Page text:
Treatment of invasive beetle set to resume in Vancouver this month
Treatment to remove invasive beetles from our parks and green spaces will begin this month.
Since 2018, the Vancouver Board of Parks and Recreation, alongside partners including the City of Vancouver, Canadian Food Inspection Agency, BC Ministry of Agriculture and Food, Invasive Species Council of BC, and the BC Landscape and Nursery Association, has carried out an annual treatment program across Vancouver:
- Other public lands
In 2021, the Japanese Beetle Eradication Response recorded a 64% reduction in beetle numbers compared to the previous year, demonstrating the continued success of the program.
The overall number of detections continues to decrease significantly when compared to the 8,276 beetles detected in 2018. Only 79 beetles were caught in 2021. However, a small number of Japanese beetles were detected both inside and outside of Vancouver’s regulated area. As a result, this year’s Japanese Beetle Eradication Response will be expanded to cover all areas where beetles were caught in 2020 and 2021.
Treatment will begin on April 6 at Columbia Park and continue through the months of April and May at parks and public lands within the areas outlined in the treatment map PDF file (364 KB). Approximately 50 hectares of public turf will be treated.
We are not closing parks and green spaces, but stay off the grass on treatment days. There will be Park Board staff and signage present at each site to advise on program activities and best practices, including keeping pets off the grass. In addition, letters will be delivered and signage posted ahead of boulevard treatments.
Alert Dates are subject to change.
|Wednesday, April 6||Columbia Park|
|Thursday, April 7||George Wainborn Park|
|Friday, April 8||Connaught Park|
|Sunday, April 10||Charleson Park|
|Monday, April 11||Oak Meadows Park|
|Tuesday, April 12||Hadden Park/Kitsilano Beach Park|
|Wednesday, April 13||Coopers’ Park|
|Thursday, April 14||Glen Park|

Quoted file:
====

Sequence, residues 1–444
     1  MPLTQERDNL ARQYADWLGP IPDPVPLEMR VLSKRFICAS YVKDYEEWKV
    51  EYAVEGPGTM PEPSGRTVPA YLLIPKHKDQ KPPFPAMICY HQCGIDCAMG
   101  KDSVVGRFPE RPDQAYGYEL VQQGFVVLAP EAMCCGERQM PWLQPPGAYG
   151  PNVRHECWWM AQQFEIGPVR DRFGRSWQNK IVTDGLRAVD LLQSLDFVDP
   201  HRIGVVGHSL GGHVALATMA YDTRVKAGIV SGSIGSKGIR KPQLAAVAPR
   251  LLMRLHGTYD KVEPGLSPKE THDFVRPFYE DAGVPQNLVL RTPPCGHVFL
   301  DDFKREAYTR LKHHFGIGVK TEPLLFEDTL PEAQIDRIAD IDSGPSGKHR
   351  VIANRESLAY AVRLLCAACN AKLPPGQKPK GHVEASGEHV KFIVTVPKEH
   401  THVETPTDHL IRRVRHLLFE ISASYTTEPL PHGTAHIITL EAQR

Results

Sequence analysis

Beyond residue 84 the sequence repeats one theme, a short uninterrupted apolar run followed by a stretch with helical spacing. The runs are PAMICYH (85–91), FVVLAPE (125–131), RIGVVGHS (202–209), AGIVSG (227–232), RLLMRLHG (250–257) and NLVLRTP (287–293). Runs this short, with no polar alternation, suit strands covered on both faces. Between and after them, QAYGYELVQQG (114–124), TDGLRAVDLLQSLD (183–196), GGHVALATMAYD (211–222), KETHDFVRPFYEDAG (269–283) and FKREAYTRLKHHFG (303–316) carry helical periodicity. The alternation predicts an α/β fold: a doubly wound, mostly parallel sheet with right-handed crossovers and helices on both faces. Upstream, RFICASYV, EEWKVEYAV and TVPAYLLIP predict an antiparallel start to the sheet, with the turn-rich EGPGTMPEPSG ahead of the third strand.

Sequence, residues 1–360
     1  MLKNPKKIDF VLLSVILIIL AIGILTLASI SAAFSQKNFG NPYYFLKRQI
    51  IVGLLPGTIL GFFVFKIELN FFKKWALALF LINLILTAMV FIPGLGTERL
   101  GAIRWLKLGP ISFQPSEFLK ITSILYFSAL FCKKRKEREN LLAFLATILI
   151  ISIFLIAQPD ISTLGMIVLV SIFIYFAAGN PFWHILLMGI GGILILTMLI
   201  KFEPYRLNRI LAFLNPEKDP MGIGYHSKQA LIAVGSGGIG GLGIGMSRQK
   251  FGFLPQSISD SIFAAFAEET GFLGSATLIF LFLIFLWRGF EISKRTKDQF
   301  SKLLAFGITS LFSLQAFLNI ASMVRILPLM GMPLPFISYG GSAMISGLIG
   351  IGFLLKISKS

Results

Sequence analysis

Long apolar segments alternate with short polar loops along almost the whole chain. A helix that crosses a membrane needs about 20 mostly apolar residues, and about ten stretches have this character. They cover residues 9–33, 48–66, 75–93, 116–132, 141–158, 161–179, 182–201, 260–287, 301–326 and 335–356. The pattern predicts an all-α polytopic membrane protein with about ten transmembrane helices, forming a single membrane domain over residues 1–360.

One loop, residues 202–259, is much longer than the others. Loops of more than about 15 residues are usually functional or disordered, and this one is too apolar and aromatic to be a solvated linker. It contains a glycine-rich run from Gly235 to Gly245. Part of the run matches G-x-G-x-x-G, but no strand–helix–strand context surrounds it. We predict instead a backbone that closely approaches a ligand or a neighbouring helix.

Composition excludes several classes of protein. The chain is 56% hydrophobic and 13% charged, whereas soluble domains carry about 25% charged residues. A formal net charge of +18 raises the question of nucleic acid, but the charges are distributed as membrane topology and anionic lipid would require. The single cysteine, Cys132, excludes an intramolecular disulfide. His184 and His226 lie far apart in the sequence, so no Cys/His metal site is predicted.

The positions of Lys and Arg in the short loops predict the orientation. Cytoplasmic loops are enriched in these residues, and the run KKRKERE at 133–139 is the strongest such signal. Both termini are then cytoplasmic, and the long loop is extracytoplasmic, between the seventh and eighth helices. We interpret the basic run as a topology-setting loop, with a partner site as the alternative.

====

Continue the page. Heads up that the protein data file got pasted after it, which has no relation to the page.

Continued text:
|Tuesday, April 19||Queen Elizabeth Pitch and Putt|
|Wednesday, April 20||Queen Elizabeth Park|
|Thursday, April 21||Queen Elizabeth Park (Day two if needed)|
|Friday, April 22||Carnarvon Park|
|Sunday, April 24||Prince of Wales Park|
|Monday, April 25||David Lam Park/Roundhouse Turntable Plaza|
|Tuesday, April 26||Quilchena Park|
|Wednesday, April 27||Rosemary Brown/Arbutus Greenway|
|Thursday, April 28||VanDusen Garden|
|Friday, April 29||Helmcken Park|
|May 2-28||City medians and boulevards|
About the Japanese beetle
The Japanese beetle:
- Is an invasive plant pest that was first introduced to Eastern North America in 1916.
- Can cause significant damage to parks, lawns, golf courses, landscapes, and the agriculture industry
- Can also affect the beauty and health of Vancouver's ecosystem
If left untreated, the beetle poses a serious risk to plants and trees in Vancouver and neighbouring municipalities.
The Japanese Beetle Eradication Response has been in operation since 2018, following the first detection of the species in downtown Vancouver’s False Creek area in 2017.
About the treatment
To treat Vancouver’s parks and green spaces, pest management specialists will manually apply a larvicide called Acelepryn® directly to the soil. Acelepryn targets root-eating grubs and is not harmful to:
- Other animals
Acelepryn® is approved for use by the Pest Management Regulatory Agency of Health Canada and is permitted under our Health By-law PDF file (177 KB).